Lumbard & Kellner, LLC

Sound investing is about steady appreciation.

Lumbard Investment Counseling is a traditional investment advisory firm. located in Hollis, NH.

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 Lumbard Investment Counseling has one mission and a single focus - excellent investment performance and financial counseling.


It’s about steady appreciation that’s built on steadily growing dividends, over long time periods.

















Since the earliest days of the stock market—through boom, bust, war, and depression—common stocks were always bought for their dividends. Investors started to toy with the idea of buying stocks for “appreciation only” during the first technology-stock bubble in the late 60s, but the last 15 years stand alone as the only time when dividends were shunned by the majority of investors and the majority of corporations.

Think about that.  If you owned half of a hardware store, you would expect to get half the profits each year. If your partner wanted to invest all those profits in expansion you might be willing to go along for two or even three years, but you’d be looking forward eagerly to the day when your dividends started to flow again.

Young, rapidly-growing companies rarely pay dividends, because they have a constant need to invest their cash to maintain their rapid growth.  However, all companies reach maturity, and growth always slows as size increases. The notion that large, mature companies such as Cisco and Google would refuse to share their profits with shareholders would have seemed incredible to the investors of the 1920s, the 40s, the 60s, or the 80s.  Are these companies run for the benefit of shareholders, or are they run for the benefit of management?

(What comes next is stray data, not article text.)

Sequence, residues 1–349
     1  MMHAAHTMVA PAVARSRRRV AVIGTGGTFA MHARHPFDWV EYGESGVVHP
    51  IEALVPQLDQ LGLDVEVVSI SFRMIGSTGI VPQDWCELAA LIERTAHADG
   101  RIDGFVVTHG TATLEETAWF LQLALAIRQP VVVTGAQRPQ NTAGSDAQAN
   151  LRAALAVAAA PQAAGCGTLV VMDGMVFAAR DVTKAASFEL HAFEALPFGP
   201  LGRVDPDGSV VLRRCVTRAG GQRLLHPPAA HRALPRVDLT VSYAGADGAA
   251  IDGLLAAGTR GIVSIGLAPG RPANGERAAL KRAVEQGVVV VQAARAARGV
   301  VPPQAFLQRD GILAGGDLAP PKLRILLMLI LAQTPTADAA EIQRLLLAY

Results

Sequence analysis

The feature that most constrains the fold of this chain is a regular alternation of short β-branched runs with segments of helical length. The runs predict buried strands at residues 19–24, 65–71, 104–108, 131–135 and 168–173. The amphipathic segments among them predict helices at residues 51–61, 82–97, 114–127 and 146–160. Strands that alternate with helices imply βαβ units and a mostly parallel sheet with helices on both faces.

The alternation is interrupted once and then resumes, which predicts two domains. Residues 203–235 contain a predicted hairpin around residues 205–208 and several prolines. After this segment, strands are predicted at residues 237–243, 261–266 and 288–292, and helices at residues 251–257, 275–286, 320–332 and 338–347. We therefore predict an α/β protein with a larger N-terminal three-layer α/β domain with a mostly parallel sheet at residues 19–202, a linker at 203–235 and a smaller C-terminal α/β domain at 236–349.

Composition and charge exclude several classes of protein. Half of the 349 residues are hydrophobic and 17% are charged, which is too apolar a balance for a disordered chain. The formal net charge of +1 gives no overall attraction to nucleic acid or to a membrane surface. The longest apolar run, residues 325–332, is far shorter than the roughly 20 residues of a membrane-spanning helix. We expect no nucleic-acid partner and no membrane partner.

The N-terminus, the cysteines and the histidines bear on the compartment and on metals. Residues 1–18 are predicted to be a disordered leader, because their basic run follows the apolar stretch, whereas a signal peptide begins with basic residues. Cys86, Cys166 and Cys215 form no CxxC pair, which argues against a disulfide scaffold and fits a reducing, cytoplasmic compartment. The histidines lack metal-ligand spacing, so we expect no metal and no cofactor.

We think that dividends are evidence of a company's concern for its shareholders, and in fact the long-term record shows that large dividend-paying companies tend to outperform other large companies. The chart below shows that—despite the stock-market crash of 2008—the average S&P 500 stock provided a total return of 6.2% per year from January of 1972 to April of 2009. If you select just the dividend-paying companies in the S&P 500 the return—dividends plus appreciation—jumps to 7.8%, multiplying the initial investment 16 times over.  The companies that didn't pay dividends hardly grew at all, in 37 years.






Sound investing isn’t about buying stocks that double overnight. It’s about real companies with real earnings that put cash in your pocket every single year. The dividends grow over time, compounding with reinvestment and causing a similar rate of growth in the value of the shares. That’s three different kinds of growth.  Most investors find it difficult to get their minds around anything beyond growth in the price of the shares, and that's why there is opportunity here for those who can appreciate it.




Passion is a great motivator, but it's the dispassionate investors who tend to outperform the markets over time.







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